Monday: Duck report

June 25, 2018 • 2:30 pm

All is well in Botany Pond: the turtles are thriving and getting lots of sun, and the ducklings are HUGE (and still eight in number):

They’re not as big as Honey, but they’re getting there:

They’ve lost all of their down, and are now filling in their feathers. I still can’t sex them, but with the help of Tara Tanaka I learned that juveniles can sometimes be distinguished because the upper tail coverts of males are tipped with green, while those of females are brown. At this point I can’t see a difference, but the chance that all eight ducks are of one sex is  2 X (½ to the eighth power) or 0.008 (.8%).

It’s hard to feed them and take photos at the same time, but here I’ve just tossed them corn, which is hitting the water. The ducklings are good at dabbling now, and can easily get corn before it sinks to the bottom. As always, Honey is behind the brood and watching attentively.

BATHTIME! As usual, they use one of the cement rings as a bathtub:

And the obligatory picture of Duck of the Year:

16 thoughts on “Monday: Duck report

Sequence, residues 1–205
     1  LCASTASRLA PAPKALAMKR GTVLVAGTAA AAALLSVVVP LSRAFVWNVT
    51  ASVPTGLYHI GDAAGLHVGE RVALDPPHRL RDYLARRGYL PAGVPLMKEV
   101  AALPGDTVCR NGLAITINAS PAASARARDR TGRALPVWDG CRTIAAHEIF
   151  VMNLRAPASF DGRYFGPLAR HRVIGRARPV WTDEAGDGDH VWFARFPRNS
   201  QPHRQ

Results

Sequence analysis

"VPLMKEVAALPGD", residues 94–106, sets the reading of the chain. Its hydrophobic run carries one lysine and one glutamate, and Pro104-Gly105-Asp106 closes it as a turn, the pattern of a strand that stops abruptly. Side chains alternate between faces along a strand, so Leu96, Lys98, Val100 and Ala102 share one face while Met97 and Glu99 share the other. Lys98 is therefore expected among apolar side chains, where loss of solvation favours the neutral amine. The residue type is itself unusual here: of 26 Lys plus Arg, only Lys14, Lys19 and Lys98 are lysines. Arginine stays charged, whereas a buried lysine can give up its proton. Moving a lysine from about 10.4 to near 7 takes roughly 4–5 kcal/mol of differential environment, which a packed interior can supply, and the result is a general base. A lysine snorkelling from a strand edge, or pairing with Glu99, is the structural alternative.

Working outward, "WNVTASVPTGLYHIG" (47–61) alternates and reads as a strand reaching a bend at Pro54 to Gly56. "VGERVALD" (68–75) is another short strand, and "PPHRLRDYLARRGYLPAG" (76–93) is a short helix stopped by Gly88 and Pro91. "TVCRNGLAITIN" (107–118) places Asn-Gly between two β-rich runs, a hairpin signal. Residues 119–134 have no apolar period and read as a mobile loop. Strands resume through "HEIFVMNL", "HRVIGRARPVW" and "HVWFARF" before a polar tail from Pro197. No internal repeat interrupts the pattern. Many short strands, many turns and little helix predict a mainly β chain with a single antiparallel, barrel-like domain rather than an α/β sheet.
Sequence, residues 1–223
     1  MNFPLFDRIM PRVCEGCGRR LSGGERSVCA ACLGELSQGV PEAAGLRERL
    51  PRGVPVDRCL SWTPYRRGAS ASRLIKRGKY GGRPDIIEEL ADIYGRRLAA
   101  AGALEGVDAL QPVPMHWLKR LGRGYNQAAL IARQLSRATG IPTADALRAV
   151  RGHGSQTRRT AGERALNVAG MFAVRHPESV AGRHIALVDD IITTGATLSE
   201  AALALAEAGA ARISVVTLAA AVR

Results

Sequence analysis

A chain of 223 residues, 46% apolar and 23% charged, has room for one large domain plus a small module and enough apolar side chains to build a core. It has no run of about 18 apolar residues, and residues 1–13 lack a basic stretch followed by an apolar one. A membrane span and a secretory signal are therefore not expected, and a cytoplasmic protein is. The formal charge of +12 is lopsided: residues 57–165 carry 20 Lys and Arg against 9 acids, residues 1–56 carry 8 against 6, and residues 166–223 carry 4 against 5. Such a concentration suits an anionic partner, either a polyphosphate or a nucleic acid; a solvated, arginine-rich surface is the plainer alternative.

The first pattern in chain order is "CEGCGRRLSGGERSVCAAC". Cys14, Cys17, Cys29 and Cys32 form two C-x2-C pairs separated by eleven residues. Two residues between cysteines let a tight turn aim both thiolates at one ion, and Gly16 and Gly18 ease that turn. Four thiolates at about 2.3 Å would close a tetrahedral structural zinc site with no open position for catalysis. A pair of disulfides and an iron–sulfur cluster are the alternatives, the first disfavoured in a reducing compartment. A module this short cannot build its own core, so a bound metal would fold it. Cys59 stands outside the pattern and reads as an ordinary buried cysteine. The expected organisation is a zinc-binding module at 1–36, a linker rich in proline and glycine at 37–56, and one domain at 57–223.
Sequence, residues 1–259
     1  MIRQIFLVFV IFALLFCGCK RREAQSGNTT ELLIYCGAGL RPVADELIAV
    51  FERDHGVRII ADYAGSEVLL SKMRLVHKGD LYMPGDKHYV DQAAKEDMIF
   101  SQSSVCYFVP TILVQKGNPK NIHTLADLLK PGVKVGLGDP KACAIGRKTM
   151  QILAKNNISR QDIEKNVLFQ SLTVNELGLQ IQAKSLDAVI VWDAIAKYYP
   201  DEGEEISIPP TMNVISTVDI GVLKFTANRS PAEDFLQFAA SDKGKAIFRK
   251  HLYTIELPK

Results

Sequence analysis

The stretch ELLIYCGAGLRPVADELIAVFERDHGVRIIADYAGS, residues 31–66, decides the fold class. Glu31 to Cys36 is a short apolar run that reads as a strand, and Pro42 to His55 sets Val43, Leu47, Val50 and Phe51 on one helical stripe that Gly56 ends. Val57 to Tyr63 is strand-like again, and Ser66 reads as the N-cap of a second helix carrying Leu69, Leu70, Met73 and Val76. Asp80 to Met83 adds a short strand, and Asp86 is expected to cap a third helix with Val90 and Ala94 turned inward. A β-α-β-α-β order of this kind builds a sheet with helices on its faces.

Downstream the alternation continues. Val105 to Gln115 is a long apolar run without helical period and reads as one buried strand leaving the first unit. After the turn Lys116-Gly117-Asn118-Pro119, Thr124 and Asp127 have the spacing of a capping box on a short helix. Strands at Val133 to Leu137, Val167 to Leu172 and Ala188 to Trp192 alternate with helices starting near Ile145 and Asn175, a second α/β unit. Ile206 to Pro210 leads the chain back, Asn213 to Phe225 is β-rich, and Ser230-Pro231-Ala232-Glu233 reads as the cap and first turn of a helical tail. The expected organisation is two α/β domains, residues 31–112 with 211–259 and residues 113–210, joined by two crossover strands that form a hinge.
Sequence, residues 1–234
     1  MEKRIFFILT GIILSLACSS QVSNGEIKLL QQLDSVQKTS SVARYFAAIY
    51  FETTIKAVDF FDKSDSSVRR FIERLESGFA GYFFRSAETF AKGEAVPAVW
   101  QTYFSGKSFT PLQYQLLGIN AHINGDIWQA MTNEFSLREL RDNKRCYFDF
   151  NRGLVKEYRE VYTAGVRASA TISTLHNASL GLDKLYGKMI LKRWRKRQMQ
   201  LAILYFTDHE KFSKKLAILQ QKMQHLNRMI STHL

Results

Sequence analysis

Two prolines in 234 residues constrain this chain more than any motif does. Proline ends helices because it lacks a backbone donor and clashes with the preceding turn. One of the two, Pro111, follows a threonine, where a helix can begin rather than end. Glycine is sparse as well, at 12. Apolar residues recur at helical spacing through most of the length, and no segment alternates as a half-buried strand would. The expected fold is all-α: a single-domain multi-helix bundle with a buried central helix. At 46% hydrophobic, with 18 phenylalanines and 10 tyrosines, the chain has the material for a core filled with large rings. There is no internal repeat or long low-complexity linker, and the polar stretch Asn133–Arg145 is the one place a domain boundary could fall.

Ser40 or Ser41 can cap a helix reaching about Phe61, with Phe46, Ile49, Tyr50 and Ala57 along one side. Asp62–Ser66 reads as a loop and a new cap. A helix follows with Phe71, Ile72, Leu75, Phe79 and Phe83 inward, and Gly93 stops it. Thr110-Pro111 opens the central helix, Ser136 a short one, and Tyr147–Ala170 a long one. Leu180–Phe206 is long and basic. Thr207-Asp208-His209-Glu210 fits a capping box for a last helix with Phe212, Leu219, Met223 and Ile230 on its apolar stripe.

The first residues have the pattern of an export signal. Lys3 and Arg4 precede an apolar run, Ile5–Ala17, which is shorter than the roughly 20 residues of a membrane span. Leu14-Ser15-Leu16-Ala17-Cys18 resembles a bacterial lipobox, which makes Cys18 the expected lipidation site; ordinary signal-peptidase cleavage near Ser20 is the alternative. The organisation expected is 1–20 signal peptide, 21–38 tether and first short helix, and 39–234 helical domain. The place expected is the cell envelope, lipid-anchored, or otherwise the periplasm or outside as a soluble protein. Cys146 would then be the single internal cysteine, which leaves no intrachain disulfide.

1. Are they still ducklings? Is there a word for duck teenagers?

    Now Honey needs to pay less attention to her brood and start putting on weight. We want her back next year. So Honey – GET FAT!!!! And avoid anyone (particularly Chinese) with a cleaver.

    1. She doesn’t look too skinny to me, and I try to make sure she gets a decent amount of food at mealtime, though she always eats less than the ducklings. And remember, they’ll fly away and she will stay behind for several weeks while she’s molting.

  2. They’re getting so big! Honey and her crew are lucky to have such a caring ‘uncle’!

    Thanks for sharing your avian family with us all — I look forward to the duck reports every(ish) day.

    1. Me too. It’s the highlight of my day. Who knew we can all get so attached to duckies not even in the same country as me? Thanks to PCCE for doing this. Very touching.

    2. Now that they’re getting bigger and less physically vulnerable to predators, it might be time for a fatherly (or unclish) chat about the dangers facing the young adult: drugs, fast cars, and STDs – which are emphatically NOT caught by pooping in public ponds.

      I also wonder if any of them will choose to identify as turtles?

      Not that there’s…etc.

  3. That’s a very handsome photo of Honey, with the water of the pond taking on an almost abstract expressionist cast, and imparting its reflected colors to Honey’s feathers and bill.

  4. Just wait till next year when they all come back to nest. Not speaking from experience, but as a friend of someone who had such an experience.

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